The Ministries of Environment, and Land Management, Urban Planning and Construction have listed the Peam Krasop Wildlife Sanctuary in Koh Kong province and Phnom Prich Wildlife Sanctuary in Mondulkiri province as state land to eliminate land grabbing offences.
The operations have gained support from community members who expect forest crimes to decline with the move.
A notice by the Ministry of Environment seen by The Post on Sunday said it is listing two natural protected areas – Peam Krasop Wildlife and Phnom Prich Wildlife Sanctuaries as state land.
This is intended to comply with the law and relevant legal standard letters, especially the 2008 Law on Natural Protected Areas and the 2001 Land Law.
The notice said the procedure and the processes of listing the areas as state land was to locate and divide natural protected management areas including a core area, a conservation area, a multipurpose sustainable area and a community area for each natural protected area.
Certifying the two wildlife sanctuaries is aimed at minimising and eliminating the taking of state land.
The notice said the execution of the state land registration project began in 2018. So far, a working group has completed the process of listing the core areas and the two wildlife sanctuaries as state land.
Second, the Ministry of Land Management has issued 18 property certification cards to the Ministry of Environment.
Of the 18, 10 were for state land titles in the core area of the Peam Krasop Wildlife Sanctuary in Koh Kong that covers an area of 4,672,61ha. The other eight titles were for state land in the core area of the Phnom Prich wildlife sanctuary in Mondulkiri that covers an area of 4,551,926ha.
Ministry of Environment secretary of state and spokesman Neth Pheaktra said on Sunday that the activity was a historical result for Cambodia.
The government supported it and urged state land registration in natural protected areas for the first time. It also reflected the government’s care and commitment to protecting and conserving natural resources in Cambodia.
“In the days to come, our goal is to continue listing all naturally protected areas under the management of the Ministry of Environment as state land.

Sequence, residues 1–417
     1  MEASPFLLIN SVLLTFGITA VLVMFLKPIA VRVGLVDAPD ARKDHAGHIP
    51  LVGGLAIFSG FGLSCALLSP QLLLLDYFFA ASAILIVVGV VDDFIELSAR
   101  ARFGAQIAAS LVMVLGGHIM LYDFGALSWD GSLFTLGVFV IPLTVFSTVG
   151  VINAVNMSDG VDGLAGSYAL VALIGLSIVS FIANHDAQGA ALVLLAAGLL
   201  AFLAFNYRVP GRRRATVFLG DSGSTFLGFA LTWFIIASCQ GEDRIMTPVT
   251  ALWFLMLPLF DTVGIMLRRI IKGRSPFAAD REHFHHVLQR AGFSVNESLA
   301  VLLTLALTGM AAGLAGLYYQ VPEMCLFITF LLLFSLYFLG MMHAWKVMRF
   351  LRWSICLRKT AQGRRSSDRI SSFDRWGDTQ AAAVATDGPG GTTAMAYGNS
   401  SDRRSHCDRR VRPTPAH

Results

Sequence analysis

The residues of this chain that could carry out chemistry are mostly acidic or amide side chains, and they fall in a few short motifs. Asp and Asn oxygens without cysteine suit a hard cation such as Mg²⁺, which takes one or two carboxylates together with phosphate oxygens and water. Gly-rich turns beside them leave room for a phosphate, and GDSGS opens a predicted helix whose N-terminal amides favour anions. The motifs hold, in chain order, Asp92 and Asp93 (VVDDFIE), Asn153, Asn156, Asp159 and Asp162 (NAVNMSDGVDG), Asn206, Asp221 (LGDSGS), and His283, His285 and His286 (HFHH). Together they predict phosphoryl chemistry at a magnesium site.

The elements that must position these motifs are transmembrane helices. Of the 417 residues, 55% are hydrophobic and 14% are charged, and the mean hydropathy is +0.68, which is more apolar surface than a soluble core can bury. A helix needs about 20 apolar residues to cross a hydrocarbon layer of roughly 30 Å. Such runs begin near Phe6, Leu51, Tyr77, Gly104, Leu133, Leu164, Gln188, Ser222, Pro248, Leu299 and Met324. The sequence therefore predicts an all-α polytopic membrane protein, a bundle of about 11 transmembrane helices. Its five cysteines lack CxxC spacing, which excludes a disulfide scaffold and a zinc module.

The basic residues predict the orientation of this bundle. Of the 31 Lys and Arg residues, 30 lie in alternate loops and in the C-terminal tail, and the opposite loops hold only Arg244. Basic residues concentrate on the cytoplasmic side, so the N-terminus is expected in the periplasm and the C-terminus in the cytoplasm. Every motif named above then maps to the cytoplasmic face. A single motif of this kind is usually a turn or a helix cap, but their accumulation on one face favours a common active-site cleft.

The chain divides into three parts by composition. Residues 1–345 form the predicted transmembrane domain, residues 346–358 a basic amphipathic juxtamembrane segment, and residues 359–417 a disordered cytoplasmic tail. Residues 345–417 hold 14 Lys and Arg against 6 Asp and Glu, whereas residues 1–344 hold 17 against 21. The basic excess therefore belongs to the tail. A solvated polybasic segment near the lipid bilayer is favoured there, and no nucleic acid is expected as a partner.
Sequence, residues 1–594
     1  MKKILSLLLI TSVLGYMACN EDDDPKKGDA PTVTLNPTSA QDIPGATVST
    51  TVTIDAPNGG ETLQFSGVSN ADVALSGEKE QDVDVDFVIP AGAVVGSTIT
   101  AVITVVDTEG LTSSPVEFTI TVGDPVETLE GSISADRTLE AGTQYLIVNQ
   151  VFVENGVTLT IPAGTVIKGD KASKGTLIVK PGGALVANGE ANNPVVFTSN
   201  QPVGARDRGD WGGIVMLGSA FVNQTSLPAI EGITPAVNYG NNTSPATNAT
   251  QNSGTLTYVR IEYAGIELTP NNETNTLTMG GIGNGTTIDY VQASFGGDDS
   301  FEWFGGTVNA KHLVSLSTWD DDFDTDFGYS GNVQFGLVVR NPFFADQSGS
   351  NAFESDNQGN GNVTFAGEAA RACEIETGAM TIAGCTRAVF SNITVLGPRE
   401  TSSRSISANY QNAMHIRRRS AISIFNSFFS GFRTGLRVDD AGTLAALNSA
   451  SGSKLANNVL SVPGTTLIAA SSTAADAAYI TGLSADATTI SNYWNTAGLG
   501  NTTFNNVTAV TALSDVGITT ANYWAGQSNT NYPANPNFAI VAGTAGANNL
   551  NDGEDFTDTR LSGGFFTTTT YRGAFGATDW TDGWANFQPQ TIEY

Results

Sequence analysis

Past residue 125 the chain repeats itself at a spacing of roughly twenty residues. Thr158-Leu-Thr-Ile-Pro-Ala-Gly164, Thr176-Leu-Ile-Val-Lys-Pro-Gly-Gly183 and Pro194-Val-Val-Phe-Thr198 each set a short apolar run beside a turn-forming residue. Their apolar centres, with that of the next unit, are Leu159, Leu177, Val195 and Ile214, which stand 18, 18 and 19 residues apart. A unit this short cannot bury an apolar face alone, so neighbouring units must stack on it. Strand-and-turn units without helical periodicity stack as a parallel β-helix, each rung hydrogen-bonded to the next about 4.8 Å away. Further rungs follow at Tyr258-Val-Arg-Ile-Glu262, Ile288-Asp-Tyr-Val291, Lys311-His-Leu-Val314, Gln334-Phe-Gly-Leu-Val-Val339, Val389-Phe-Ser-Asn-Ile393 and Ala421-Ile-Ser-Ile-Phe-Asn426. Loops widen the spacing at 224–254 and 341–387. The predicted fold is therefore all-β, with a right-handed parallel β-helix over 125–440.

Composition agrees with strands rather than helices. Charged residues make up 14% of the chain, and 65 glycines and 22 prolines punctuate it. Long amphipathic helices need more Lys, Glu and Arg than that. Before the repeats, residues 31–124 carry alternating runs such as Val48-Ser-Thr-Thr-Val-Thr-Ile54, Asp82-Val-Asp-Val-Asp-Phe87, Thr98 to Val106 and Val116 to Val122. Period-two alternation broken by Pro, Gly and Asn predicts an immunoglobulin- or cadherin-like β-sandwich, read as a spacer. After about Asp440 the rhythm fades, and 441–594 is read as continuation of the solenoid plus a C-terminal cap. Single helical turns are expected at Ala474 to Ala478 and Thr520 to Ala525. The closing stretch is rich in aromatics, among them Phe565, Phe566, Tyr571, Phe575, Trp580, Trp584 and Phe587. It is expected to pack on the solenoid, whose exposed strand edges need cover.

“We are preparing to list the Kirirom National Park and we are studying the Prey Lang forest with development partners to list it also. We will study a series of other areas too,” he said.
Koh Kong province’s Peam Krasop community leader Siek Sabon supported registering the Peam Krasop as state land because, he said, the area was being threatened by private ownership. The area has been cleared several times, but community members have stepped in to stop the offences in time.
“More than 300 families rely on the Peam Krasop area for their livelihoods, including fishing for squid and shrimp, catching crabs for sale on the beach. We hope that when this land is listed there will be no grabbers and we will still have the opportunity to rely on the area for our livelihood,” he said.
Bunong indigenous community head Brong Norch who has patrolled the Phnom Prich wildlife sanctuary in Mondulkiri said on Sunday that he supported listing the Phnom Prich area. But he said that he doesn’t believe the authorities yet on whether it will eliminate forest crimes.
“If officials who are responsible for the area don’t crack down on the crime, it will not decline,” he said.
“Most forest crimes have occurred because officials sit around collecting money from the crime. Just the other day, we patrolled the area and encountered a crime. The offender claimed that he already paid 100,000 riel to officials. So, I have no faith in the officials,” he said.
Cambodia has 57 natural protected areas and three biodiversity corridor conservation areas that cover an area of more than 7.2 million hectares.